Authorities in neighboring Curacao indicate that the island will return 14 parrots and 1 macaw parrot that were illegally taken from Venezuela to be sold abroad.
The birds had been snatched in Falcon and Delta Amacuro States and sold. On May 18, Curacao police boarded Venezuelan boat Sol de Caribe, seizing 30 parrots illegally transported without proper care.
Environment & Renewable Resources (MARNR) Biological Diversity Office's wildlife department director, Edis Solorzano says the contraband of wildlife is the third biggest illegal business in Venezuela after drugs and arms.
* Vitalis environment group president, Diego Diaz says macaw and maracana parrots are highly prized and sought after for sale to foreign buyers.
Convention on International Trade in Endangered Species of Wild Fauna and Flora (Cites) members based in Curacao has helped to cut red tape to get the parrots back to Venezuela. However, some of parrots died before arrival and others afterwards owing to the condition of capture and transport.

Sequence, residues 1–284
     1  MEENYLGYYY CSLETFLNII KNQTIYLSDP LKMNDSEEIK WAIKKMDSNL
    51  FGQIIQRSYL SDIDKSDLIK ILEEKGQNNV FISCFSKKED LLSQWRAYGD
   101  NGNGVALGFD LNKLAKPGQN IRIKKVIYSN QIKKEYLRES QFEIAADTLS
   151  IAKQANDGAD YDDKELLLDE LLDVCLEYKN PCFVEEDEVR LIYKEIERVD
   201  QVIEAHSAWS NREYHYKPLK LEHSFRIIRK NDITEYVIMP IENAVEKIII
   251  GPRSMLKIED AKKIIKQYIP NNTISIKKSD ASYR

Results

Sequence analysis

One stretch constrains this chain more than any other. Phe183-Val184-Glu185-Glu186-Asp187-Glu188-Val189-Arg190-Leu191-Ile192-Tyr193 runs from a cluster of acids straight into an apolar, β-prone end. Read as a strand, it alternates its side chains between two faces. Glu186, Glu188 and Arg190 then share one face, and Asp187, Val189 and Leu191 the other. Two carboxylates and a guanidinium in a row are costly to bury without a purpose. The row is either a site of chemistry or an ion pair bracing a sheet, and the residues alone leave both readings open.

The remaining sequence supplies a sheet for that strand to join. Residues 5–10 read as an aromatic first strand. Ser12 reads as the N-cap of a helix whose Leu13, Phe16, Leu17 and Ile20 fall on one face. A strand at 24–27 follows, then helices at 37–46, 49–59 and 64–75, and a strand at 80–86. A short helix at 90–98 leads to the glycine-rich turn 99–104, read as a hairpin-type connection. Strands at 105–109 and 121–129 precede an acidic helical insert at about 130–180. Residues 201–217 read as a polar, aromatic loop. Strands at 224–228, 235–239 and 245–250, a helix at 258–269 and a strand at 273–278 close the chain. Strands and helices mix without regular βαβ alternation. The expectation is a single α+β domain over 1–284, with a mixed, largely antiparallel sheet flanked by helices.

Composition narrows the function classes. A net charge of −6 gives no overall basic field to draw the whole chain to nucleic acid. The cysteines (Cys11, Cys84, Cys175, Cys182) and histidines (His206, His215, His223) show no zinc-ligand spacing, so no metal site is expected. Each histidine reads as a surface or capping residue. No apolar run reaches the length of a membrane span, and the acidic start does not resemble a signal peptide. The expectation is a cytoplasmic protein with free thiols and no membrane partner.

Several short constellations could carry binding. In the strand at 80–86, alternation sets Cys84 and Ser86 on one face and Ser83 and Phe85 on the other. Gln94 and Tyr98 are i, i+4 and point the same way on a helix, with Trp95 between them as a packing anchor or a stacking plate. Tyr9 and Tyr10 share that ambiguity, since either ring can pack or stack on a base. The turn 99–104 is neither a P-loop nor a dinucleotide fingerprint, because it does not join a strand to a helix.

Solorzano says the delay in returning the birds is owing to the fact that they must be kept in quarantine and that special cages must be built ... "on arrival in Venezuela the parrots will be interned in Caricuao zoological park and later returned to Falcon and the Delta Amacuro regions where they belong."
MARNR officials complain that the only way to stop the illegal trade is to convince local inhabitants not to deforest their region.
National Guard (GN) Regional Command No.4 (CORE-4) commander, General Omer Carmona reports that even flamingos from the Los Olivitos swamp in Miranda municipality are considered legitimate targets for illegal traders.